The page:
By all accounts, Morad was a regular 17-year-old boy from a loving home in a small northern Israeli village. He excelled in school and enjoyed spending time with his friends.
That was before an innocent text message sent to a female classmate got intercepted by the girl's older brother, who misinterpreted the text as flirtation.
That night, the brother kidnapped Morad, and along with several cohorts, beat him within an inch of his life. Morad's injuries were so severe he required 11 days of hospitalization. When he regained consciousness, he was so traumatized he had effectively dissociated from reality.
"I haven't seen that degree of severity even in older people," said Dr. Ilan Kutz, former director of Psychiatric Services at the Meir General Hospital, where he treated Morad. "It usually lasts a few hours at most; never anything this long."
Repeated attempts to reach Morad failed, and after two months of non-responsiveness and a deteriorating psychological condition, Kutz decided to try an experimental method: dolphin therapy.
"There are people who work with dogs, with horses, and I'd had one lucky experience with the dolphins before," he said. "The idea was to teach him to communicate because he wasn't communicating with anyone, so I wanted to try something that was nonverbal."
Since the 1970s, dolphin therapy has been used to treat children with cerebral palsy, autism and cancer, as well as trauma victims, like Morad. It took off when an educational anthropologist named Betsy Smith noticed the therapeutic effect dolphins had on her disabled brother.
"Studies show that dolphins have a preference for personal communication with humans. They like it," says Kutz. "They have a smiling mask, they talk, they like to be cuddled, plus they show a preference when they like someone, so I think all of this is very healing."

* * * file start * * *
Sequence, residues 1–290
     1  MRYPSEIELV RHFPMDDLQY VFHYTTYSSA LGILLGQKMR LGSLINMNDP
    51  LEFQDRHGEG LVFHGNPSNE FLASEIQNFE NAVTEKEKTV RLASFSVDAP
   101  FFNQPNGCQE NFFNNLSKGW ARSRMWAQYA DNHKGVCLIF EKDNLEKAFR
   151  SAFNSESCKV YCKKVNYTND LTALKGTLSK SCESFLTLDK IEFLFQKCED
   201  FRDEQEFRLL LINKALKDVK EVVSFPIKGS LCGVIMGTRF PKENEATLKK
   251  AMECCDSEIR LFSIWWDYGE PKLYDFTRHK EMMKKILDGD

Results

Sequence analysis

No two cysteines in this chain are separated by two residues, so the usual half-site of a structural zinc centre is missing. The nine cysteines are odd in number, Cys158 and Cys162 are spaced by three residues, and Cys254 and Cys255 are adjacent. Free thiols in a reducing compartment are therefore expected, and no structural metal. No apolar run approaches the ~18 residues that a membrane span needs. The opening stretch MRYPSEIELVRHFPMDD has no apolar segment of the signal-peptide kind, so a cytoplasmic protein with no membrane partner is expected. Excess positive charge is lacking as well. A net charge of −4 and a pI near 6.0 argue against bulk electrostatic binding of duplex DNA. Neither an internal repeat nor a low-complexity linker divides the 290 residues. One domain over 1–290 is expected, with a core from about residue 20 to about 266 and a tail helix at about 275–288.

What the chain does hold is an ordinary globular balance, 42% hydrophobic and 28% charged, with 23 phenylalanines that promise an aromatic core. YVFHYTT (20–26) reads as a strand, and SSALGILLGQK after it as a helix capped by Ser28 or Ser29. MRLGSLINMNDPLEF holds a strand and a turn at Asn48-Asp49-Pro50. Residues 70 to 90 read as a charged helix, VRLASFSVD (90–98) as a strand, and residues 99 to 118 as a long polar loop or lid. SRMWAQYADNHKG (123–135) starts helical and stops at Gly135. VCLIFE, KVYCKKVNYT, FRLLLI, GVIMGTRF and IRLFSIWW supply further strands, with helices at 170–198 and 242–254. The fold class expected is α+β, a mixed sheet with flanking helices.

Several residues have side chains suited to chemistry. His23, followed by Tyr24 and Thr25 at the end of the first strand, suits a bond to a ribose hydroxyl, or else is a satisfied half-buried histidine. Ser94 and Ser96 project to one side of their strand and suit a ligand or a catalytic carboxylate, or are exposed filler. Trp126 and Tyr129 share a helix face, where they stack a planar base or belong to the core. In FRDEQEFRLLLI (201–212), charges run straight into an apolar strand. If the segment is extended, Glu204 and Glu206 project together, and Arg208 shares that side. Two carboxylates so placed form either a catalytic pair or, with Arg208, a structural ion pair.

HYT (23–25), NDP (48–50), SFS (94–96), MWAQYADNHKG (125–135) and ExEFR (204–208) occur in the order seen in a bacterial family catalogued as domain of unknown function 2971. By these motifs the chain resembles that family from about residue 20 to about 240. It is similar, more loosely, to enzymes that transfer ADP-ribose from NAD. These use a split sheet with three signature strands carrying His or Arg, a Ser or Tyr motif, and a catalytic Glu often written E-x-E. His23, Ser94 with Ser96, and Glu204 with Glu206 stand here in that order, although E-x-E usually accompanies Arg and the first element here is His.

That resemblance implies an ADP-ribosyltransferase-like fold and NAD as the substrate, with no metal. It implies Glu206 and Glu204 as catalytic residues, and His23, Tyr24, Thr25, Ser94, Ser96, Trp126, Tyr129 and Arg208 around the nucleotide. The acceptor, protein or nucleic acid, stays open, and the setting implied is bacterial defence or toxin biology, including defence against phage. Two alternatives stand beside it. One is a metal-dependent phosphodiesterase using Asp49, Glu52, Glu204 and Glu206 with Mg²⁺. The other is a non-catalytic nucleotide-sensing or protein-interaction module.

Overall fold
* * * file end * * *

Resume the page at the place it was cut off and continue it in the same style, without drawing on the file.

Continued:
The therapy's aim, according to the Henry Spink Foundation, a leading research information centre, is to "increase sensory activities." Children are encouraged to swim, touch, feed or pat the dolphins, while therapists work on specific areas such as speech and motor skills.
While this method does not claim to be a cure-all, research has found that sustained contact with the animals has alleviated many symptoms of illness.
Blood samples analyzed before and after the therapy show a changes in hormones, endorphins, enzymes and T-cell counts. Although researchers have yet to determine how this happens, ongoing studies are encouraging.
This possibility of rehabilitation was enough for Morad's father to quit his job, sell his properties, and move 500 km away so that his son could attend the dolphin therapy program in Eilat, a coastal town on Israel's southern tip.
Eilat's reef is unique in that it provides a natural, open aquatic space for the dolphins. They are free to come and go as they please and are never forced to interact with humans.
What happened next shocked everyone, and has become the subject of a fascinating documentary, Dolphin Boy. which premiered last week at the Hot Docs festival in Toronto. You can see the trailer for the film below.
"The most amazing thing was the way the dolphins reacted to him. It almost feels like they wanted to help him," says Yonatan Nir, who, along with award-winning filmmaker Dani Menkin, spent several years documenting Morad's journey.
"I would say almost from the very first day, even when Morad was not speaking to people, he was amazed, attracted to these animals and wanted contact with them."
The film tracks Morad's unusual connection with the animals, who gradually teach him to trust, love and communicate again.
His affinity with the creatures becomes so strong that he begins adopting their characteristics. He swims like a dolphin, dives 20 feet with ease, breathes underwater for minutes at a time and — most incredibly — releases air bubbles through his eye in the style of a bottlenose dolphin.
But despite his progress, a new issue arises: Morad effectively erased his past, reinventing himself as "dolphin boy."
"I came down to Eilat because I didn't believe my ears when they told me," said Kutz. "He didn't know who I was. So the next step was how to combine this new personality with his old and make him one. And we took our time. We all waited until he was ready."
Though his reintroduction to regular society remains an ongoing process, Morad has made incredible strides and last year moved back to his village.
Nir says the film's message is the redemptive power of love — both human and animal — and its ability to transform.
"There are hundreds of millions of people suffering from trauma in this world. We wanted to show you could take a person with the most terrible trauma and [if] you give them love from people and nature, you can cure them."
(Photo credit: Handout)